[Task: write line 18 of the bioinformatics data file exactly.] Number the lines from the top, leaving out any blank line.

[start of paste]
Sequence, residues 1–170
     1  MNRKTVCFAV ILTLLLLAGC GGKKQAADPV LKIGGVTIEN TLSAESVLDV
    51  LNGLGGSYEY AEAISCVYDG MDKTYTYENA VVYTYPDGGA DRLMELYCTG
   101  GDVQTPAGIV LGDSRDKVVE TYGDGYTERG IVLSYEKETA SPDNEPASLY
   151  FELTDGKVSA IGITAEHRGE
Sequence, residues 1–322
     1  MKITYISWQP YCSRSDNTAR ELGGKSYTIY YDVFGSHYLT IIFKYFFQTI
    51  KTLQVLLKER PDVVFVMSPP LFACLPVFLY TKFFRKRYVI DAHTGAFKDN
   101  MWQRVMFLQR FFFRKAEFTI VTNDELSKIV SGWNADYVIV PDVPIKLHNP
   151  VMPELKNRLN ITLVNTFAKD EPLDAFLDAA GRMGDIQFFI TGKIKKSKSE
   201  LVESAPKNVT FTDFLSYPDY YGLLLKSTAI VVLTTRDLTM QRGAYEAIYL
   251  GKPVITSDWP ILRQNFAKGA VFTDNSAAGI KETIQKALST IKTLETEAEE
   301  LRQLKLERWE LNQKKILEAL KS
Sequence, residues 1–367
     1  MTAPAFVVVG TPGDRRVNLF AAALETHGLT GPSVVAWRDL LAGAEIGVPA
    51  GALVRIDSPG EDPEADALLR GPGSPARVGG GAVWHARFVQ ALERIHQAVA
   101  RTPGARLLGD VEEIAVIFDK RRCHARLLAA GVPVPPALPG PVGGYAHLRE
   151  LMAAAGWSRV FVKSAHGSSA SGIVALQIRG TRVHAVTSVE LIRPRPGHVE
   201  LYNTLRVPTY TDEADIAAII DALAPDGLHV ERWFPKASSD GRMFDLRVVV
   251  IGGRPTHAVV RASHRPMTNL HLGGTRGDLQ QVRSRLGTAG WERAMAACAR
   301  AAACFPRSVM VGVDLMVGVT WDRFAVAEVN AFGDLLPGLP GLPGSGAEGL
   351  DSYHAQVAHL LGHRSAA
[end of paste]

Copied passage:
   151  LMAAAGWSRV FVKSAHGSSA SGIVALQIRG TRVHAVTSVE LIRPRPGHVE